Many people will describe the American cocker spaniel as a sweet-natured, happy, and spirited dog. Unfortunately, in recent years, it is believed that this dog breed has exhibited behaviours such as nastiness. Thus, it is essential to get a well-bred puppy from a reputable breeder, since a lot of factors can affect its behaviour growing up. Amongst the factors are the environment where the American spaniel was raised, early training, and socialisation.
A typical serving for an adult American cocker spaniel is 1.5–2.5 cups of excellent-quality dry dog food per day. You have to remember that the amount of food you give to your pet depends on its age, size, build, metabolism, and activity level. Owners need to have a clear idea of the basic nutritional needs of their cocker spaniel as a breed in general and consider its individual characteristics.
Typical calorie needs of an adult American cocker spaniel per day:
Make sure to provide your American spaniel with a balance of protein, carbohydrates, and fibre. Protein sources can come from beef, lamb, chicken, turkey, eggs, and salmon. Good carbohydrates from rice, barley, and oatmeal can help it slowly release energy throughout the day. Omega-3 fatty acids are also important to maintain its lovely coat.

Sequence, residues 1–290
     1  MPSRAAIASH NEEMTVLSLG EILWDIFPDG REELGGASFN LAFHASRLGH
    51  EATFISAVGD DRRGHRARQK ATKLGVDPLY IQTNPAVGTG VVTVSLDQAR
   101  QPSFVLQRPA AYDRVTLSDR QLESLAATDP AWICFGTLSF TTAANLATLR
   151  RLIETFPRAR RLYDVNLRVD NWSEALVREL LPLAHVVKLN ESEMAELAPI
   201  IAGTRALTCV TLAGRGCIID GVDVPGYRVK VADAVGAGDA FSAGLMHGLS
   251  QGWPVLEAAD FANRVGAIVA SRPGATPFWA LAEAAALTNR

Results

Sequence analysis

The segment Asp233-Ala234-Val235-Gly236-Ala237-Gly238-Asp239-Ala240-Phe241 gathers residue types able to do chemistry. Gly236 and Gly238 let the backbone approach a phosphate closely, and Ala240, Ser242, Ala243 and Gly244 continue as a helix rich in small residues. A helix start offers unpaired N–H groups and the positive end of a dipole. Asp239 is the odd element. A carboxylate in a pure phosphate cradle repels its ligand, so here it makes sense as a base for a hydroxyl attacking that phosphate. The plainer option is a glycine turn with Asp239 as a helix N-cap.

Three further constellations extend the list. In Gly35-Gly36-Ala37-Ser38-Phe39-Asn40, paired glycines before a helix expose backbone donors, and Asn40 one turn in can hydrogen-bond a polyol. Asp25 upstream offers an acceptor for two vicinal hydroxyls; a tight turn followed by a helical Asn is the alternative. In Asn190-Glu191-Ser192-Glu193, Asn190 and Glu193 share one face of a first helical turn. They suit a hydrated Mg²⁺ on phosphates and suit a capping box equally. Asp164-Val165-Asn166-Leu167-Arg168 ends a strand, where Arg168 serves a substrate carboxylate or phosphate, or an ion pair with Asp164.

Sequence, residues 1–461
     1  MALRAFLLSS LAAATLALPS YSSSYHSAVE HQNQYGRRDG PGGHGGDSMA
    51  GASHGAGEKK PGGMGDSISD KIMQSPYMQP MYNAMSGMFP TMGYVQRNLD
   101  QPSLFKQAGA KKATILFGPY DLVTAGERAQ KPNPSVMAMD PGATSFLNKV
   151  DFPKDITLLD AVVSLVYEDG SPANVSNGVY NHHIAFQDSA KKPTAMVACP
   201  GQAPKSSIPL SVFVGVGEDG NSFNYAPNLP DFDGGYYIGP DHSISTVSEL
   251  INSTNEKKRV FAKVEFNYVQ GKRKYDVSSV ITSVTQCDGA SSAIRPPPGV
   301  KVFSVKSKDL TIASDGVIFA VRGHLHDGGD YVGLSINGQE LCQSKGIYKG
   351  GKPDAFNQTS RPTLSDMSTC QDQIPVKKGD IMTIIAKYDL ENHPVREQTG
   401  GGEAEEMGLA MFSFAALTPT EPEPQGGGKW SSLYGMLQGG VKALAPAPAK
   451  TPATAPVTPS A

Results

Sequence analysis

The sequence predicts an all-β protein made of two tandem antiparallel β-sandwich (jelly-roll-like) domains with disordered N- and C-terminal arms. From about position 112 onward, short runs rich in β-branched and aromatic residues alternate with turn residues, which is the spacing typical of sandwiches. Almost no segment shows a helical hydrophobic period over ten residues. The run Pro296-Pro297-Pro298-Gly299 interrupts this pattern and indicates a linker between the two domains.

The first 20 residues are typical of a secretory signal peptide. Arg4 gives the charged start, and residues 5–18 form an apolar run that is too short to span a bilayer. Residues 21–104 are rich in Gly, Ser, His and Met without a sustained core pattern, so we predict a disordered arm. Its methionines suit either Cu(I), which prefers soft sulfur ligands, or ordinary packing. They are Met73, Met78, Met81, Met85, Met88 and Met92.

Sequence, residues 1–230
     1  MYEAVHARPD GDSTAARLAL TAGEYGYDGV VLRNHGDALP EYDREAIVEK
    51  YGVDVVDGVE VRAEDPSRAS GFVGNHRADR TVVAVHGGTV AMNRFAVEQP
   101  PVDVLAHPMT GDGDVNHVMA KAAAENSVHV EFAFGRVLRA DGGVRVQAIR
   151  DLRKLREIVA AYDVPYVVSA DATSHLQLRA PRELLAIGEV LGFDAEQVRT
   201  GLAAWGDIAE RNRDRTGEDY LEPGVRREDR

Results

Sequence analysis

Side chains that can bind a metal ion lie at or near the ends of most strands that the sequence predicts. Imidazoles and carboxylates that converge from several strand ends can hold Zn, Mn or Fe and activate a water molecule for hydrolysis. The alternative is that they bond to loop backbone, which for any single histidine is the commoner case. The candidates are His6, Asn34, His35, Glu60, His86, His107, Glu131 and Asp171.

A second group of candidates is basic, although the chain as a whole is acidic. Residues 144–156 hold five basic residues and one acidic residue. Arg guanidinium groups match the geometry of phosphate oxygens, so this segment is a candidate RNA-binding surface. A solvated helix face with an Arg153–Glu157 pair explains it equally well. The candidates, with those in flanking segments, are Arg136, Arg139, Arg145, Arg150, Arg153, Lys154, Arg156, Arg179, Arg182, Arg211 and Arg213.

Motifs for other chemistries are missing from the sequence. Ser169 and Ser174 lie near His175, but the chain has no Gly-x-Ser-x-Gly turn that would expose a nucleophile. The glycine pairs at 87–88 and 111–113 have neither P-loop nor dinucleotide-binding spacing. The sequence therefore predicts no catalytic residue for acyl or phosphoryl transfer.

Since the cocker is prone to bone issues, include food that contains glucosamine. Fat found in meat and fish or cod liver oil supplements is also essential to maintain its beautiful coat. Nonetheless, be careful not to overfeed it as it easily gains weight. Also include good carbohydrates found in oatmeal, rice, and barley to provide it with energy all day.
The average lifespan of the American spaniel is ten to twelve years. It is predisposed to eye problems, allergies, hip dysplasia, hypothyroidism, primary seborrhoea, patellar luxation, autoimmune haemolytic anaemia (AIHA), and idiopathic epilepsy.
The American cockers spaniel is moderately energetic and will be fine with a thirty-minute brisk walk and romps at a fenced yard or a dog park. Younger ones will enjoy hiking, swimming, and playing games with its owners.
The cost of a new dog or puppy varies significantly. A breed from a local animal shelter will be cheaper than a purebred from a reputable breeder. A 'show-quality' puppy will be more expensive than those 'pet-quality' puppies.
More factors affect how much a puppy will cost. Luckily, since an American cocker spaniel is a common breed, it is significantly cheaper compared to rare breeds. If you’re looking to purchase an American spaniel, you will need about £600–£800.
The best pet insurance can offer broad coverage for whatever care your dog needs. Having the best coverage will also prepare you financially for treatments and medical care that is often not covered by basic pet insurance. The cost to insure an American cocker spaniel would be £27 a month for a basic cover and £65 a month for a lifetime policy.
Other costs include veterinary care, dog toys, dog supplies, and equipment such as beds, leads, collars, bowls, and more. Veterinary costs per year alone can cost around £1,000. In rough estimates, you will have to set aside £80–£120 a month to care for an American cocker spaniel.